The standard first-hole start format is when each group tees off at the first hole. The groups play successively with predetermined intervals of usually 10 minutes.

These tournaments probably take twice as much time because, by the time the first group finishes, the last group could be just starting.

This start format is best suited for smaller groups of 36 players or fewer.

Two-Tee Start

The two-tee start format is a mix of the shotgun and standard first-hole formats. It means that two groups tee off on hole 1 and hole 10 simultaneously and complete consecutively.

A tee time of 10–15 minutes is usually given for each group on each stroke to keep things going.

This start format is best suited for groups that aren’t large enough to follow the shotgun format yet aren’t small enough to be time efficient following a standard format. So, it’s perfect for a group of 40 to 56 players.

What Are the Major Golf Tournaments?

There are four major golf championships played every year, namely the Masters Tournament, U.S. PGA Championship, Open Championship, and U.S. Open Championship.

Winning all four championships is called a Grand Slam. No one has ever managed to achieve a classic Grand Slam, which is winning all four events in the same year.

However, Tiger Woods achieved a Career Grand Slam by winning the four events within two years.

Masters Tournament

Also known as the U.S. Masters, the Masters Tournament is one of the four major Grand Slam tournaments. It starts in April and is played at the Augusta National Golf Club in Georgia.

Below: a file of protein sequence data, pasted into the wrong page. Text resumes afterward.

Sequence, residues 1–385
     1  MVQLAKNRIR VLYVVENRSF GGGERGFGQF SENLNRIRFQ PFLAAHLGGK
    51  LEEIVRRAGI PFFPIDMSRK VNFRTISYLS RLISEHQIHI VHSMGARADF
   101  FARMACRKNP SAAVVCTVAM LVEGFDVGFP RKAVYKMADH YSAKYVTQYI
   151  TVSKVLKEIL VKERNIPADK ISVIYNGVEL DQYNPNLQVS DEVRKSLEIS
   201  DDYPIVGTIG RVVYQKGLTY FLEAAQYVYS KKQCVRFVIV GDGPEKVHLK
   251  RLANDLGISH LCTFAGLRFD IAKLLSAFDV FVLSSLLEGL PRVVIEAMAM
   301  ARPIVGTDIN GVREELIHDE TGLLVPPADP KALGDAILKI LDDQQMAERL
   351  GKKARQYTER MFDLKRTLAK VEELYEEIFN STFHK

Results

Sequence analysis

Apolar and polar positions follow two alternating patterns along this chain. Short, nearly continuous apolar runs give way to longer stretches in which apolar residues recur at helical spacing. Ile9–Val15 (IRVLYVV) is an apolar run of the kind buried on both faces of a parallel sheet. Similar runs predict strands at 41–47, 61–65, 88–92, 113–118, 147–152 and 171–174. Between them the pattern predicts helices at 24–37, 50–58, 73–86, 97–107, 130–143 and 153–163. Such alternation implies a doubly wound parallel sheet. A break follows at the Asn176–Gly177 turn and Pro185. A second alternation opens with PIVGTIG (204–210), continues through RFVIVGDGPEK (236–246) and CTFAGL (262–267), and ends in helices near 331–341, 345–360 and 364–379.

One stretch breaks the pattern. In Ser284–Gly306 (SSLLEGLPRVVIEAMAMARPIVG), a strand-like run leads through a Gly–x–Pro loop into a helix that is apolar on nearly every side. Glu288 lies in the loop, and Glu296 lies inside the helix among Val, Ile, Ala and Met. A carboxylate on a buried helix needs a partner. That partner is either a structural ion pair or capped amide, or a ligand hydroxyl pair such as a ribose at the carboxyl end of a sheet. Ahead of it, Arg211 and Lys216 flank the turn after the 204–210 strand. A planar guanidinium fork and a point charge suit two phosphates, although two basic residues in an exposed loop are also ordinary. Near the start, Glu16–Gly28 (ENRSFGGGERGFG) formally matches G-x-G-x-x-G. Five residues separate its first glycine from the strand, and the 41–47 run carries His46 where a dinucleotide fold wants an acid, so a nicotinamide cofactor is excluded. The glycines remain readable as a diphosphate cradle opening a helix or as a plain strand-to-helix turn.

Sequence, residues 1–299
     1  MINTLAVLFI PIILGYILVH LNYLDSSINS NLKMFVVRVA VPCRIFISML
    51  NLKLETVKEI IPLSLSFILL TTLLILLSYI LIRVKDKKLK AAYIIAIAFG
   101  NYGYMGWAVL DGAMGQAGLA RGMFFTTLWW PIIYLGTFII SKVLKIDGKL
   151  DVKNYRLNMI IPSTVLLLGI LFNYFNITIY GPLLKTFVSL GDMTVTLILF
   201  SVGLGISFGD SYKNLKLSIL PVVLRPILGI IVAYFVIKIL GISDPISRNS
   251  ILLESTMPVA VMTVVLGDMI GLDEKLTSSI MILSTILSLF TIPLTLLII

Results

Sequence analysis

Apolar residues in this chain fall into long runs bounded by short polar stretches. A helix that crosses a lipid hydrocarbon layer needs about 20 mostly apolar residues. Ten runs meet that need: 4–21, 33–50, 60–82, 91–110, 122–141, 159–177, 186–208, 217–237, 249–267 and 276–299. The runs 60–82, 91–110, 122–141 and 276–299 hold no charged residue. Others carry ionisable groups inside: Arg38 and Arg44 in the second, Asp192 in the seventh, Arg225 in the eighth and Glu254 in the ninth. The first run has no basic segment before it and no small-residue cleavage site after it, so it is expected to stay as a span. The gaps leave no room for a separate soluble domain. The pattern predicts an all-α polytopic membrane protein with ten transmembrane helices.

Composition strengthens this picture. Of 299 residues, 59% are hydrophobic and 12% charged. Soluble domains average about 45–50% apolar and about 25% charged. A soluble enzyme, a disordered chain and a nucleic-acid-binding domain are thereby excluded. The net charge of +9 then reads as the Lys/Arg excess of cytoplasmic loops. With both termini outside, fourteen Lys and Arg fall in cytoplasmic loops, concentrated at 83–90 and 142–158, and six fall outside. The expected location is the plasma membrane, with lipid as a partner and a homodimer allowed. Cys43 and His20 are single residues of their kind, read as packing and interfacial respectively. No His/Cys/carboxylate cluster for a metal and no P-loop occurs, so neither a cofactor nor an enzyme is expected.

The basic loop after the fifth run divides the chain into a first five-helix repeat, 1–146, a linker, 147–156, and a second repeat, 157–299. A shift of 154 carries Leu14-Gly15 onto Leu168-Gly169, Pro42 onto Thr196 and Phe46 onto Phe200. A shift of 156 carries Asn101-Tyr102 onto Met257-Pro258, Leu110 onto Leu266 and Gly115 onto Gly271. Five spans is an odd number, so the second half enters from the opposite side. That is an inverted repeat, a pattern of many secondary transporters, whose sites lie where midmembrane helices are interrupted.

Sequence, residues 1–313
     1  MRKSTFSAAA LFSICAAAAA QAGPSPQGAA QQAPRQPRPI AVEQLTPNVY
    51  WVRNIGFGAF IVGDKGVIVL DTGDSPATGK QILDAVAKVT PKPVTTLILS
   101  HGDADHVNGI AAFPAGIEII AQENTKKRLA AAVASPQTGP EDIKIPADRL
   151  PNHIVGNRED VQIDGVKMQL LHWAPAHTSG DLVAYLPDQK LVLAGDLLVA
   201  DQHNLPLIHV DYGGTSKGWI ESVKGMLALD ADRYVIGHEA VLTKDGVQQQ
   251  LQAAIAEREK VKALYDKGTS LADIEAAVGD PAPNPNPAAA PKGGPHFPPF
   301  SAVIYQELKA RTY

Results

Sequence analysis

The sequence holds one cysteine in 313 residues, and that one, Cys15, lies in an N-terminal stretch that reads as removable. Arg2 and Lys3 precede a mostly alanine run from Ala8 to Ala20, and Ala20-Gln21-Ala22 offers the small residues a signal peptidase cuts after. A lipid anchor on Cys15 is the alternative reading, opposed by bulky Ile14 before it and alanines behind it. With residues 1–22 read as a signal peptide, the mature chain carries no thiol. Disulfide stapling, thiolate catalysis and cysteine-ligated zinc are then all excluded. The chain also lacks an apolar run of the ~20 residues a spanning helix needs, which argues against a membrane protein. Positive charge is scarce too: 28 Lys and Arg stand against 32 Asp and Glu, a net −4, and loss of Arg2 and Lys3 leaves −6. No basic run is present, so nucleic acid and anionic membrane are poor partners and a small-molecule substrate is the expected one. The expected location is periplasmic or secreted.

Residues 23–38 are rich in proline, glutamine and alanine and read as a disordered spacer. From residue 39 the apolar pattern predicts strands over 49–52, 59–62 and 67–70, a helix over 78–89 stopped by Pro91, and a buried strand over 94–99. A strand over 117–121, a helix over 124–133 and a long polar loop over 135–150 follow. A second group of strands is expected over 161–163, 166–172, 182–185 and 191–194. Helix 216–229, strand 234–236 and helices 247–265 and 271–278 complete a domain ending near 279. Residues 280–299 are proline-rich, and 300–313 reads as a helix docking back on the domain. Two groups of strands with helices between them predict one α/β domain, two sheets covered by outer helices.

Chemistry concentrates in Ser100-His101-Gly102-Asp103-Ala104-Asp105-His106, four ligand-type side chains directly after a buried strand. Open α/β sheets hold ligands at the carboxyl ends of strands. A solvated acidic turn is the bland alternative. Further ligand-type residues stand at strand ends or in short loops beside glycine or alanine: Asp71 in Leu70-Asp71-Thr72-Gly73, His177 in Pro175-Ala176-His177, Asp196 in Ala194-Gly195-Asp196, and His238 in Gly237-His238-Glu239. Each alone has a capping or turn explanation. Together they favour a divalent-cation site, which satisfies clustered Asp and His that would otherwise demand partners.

Players receive an invitation from the championship to participate. Consequently, there are no qualifying tournaments to be played beforehand.

U.S. PGA Championship

The PGA Championship is a professionals-only tournament. Those professionals need to meet highly specific and demanding criteria in order to participate in this tournament.

Winning the PGA Championship comes with a lot of privileges, including the opportunity to participate in the other Grand Slam tournaments for 5 years to come.

Additionally, it offers a lifetime possibility to compete in the upcoming U.S. PGA tournaments.

Open Championship

Also known as the British Open, this is the most prestigious of the four tournaments, and it’s the oldest golf tournament ever. It’s held in the United Kingdom over a rotation of a selected group of golf courses.

It’s called the “Open” because, in theory, it’s open to professionals and amateurs. However, in practice, only a selected few amateurs can join through invitation or qualification.

U.S. Open Championship

This is considered the most challenging tournament worldwide. The golf courses for this tournament are specially prepared to offer hard conditions with numerous obstacles.

The tournament has been four rounds on an 18-hole course with a total of 72 holes of stroke play since 1898. The winner is the player with the lowest score (lowest number of strokes).


Whether amateur or professional, tournaments are enjoyed by all golf fans and form a great part of many golfers’ experiences.

As far as the format, most amateur tournaments use stableford, while professional tournaments use a more stroke-focused system, which is called stroke play.

The more you get involved in the world of golf, the easier it is to wrap your head around different systems and tournaments.